Video Giant News Distribution Network Quietly Expands its Influence | Adweek Video Giant News Distribution Network Quietly Expands its Influence | Adweek
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Video-Hungry Newspapers Let Outsider Play Editor

Under-the-radar video platform NDN quietly exerting influence in news world

News Distribution Network isn’t a household name, but news consumers sure watch a lot of the videos the company distributes.

In fact, NDN broke the top 10 in comScore’s ranking of top online video properties in October, with an audience topping 53 million. It just signed a deal with CBS Local to distribute video from 13 local CBS stations including New York, Los Angeles and Chicago. And a handful of sites are now starting to let NDN remotely program video on their sites.

NDN has grown because online publishers can’t get enough video content (and the ad dollars that come with it). The company's selling point is that it provides the platform and video content and sells the advertising at no cost to its partner publishers—while giving content creators wider distribution for their video content. And NDN makes its bones by keeping the majority of the ad revenue, while giving publishers and content creators a cut. Among its 4,500 partners are the New York Post, New York Daily News, Los Angeles Times, and Forbes.

For a company that operates behind the scenes, NDN actually has a lot of star power behind it. Its investors include former Google CEO Eric Schmidt, and, oddly, the actor Bill Murray (who got involved because he has a mutual friend with NDN CEO and founder Greg Peters); and baseball Hall of Famer Reggie Jackson. Jane Pauley (Today, Dateline) is a board member.

NDN started out by distributing content from providers like AP, CBS News, Fox Sports, E! and the Weather Channel, but it’s since branched out to local TV content. Besides CBS, other local content providers are Tribune Broadcasting and Gray Television.

“We’re becoming a wider distribution arm,” said Kevin Gentzel, a former top Forbes sales exec who’s CRO of NDN. “The more partners we have in local content, the more markets we’re penetrating.”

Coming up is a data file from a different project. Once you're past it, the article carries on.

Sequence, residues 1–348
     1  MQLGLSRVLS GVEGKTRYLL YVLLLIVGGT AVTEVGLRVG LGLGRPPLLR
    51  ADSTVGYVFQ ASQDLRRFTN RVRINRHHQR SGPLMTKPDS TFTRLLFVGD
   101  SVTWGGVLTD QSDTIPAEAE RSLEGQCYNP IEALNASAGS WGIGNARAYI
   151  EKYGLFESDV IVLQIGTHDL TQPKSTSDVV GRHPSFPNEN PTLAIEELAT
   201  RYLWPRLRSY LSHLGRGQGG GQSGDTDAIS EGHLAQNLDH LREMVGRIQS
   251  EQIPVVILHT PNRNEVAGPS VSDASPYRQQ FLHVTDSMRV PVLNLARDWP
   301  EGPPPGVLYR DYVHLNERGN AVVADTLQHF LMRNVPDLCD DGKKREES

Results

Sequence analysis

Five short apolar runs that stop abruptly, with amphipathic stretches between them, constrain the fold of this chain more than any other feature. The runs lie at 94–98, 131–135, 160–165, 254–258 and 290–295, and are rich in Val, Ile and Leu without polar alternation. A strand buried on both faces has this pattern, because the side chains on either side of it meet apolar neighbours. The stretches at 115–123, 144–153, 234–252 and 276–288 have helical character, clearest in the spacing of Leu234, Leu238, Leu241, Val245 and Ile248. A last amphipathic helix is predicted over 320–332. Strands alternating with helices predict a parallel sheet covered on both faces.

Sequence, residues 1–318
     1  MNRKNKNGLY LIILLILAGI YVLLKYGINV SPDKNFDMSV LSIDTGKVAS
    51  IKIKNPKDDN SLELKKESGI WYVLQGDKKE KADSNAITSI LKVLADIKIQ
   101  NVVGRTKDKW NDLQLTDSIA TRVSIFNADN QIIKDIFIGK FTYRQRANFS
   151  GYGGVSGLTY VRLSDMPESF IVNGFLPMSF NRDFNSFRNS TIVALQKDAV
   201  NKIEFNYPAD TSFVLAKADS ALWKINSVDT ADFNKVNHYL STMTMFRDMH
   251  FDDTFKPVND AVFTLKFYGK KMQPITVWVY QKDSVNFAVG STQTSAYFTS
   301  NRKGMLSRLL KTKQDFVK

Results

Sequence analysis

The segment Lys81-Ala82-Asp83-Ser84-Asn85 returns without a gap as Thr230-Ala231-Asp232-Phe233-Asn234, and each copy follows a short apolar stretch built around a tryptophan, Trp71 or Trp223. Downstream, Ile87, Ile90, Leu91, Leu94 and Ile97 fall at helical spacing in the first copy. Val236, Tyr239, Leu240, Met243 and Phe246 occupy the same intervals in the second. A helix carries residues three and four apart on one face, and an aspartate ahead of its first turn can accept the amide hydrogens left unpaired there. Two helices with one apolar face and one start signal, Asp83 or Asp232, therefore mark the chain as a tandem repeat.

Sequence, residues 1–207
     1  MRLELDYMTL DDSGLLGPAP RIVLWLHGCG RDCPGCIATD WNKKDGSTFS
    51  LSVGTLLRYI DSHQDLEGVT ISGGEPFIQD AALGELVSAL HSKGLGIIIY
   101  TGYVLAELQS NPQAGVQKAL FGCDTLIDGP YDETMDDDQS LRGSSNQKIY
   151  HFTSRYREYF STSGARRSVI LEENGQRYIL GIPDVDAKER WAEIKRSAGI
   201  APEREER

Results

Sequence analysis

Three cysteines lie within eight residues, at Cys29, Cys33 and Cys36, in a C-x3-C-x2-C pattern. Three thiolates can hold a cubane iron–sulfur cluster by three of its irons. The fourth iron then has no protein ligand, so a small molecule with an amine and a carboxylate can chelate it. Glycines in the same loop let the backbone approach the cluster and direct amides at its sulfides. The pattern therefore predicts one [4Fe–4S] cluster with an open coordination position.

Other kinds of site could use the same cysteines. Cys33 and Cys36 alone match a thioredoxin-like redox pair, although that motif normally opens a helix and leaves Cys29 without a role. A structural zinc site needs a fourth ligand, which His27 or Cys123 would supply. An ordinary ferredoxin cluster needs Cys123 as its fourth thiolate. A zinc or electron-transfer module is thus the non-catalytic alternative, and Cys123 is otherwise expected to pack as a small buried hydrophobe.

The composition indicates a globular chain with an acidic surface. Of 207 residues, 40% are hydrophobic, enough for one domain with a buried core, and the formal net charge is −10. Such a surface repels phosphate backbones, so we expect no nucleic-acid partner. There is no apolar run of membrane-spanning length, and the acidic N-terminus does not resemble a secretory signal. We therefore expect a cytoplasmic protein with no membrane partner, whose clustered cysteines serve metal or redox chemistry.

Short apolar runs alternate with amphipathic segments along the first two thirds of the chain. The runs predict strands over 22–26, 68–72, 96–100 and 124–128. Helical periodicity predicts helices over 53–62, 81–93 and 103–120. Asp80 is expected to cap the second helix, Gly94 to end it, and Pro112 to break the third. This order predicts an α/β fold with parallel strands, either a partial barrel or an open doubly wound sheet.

And increasingly, NDN is not only supplying the video you see on publisher sites, but it’s placing it there itself. Forty or so publishers, including the N.Y. Daily News and St. Louis Post-Dispatch, have begun letting NDN remotely embed video content in stories, making NDN an extension of their newsroom in a sense.

The Daily News is one of the publishers testing the service. On Dec. 3, for example, NDN uploaded a Pix 11 video to go with a story about new evidence in the Trayvon Martin case. The Daily News decided to test it because people are much more likely to see video if it’s embedded in an article rather than ghettoized in a player in the right-hand rail, said Steve Lynas, svp of digital at the newspaper. Having NDN pair videos with articles also saves the paper’s editors a lot of time searching for videos that often don’t come in until hours after a text article’s been published, explained Lynas. 

Publishing third-party content is one thing; letting that party play an active role in selecting the content for your site is another, and one might ask if a publisher should cede such an important function.

Right now, NDN has humans matching videos to stories, and Lynas said the process is working for the Daily News. “It’s not by any stretch unvetted content,” Lynas said. “At the moment, it’s working well. But it’s not to scale.”

But as it gains scale, the process will become automated, Gentzel said. And as that happens, it’ll obviously be critical for NDN and publishers alike to monitor the process to avoid mishaps that a human being-driven process would likely prevent. But for many publishers hungry for the audiences and revenue online video promises, it may well be a risk they’re willing to take.

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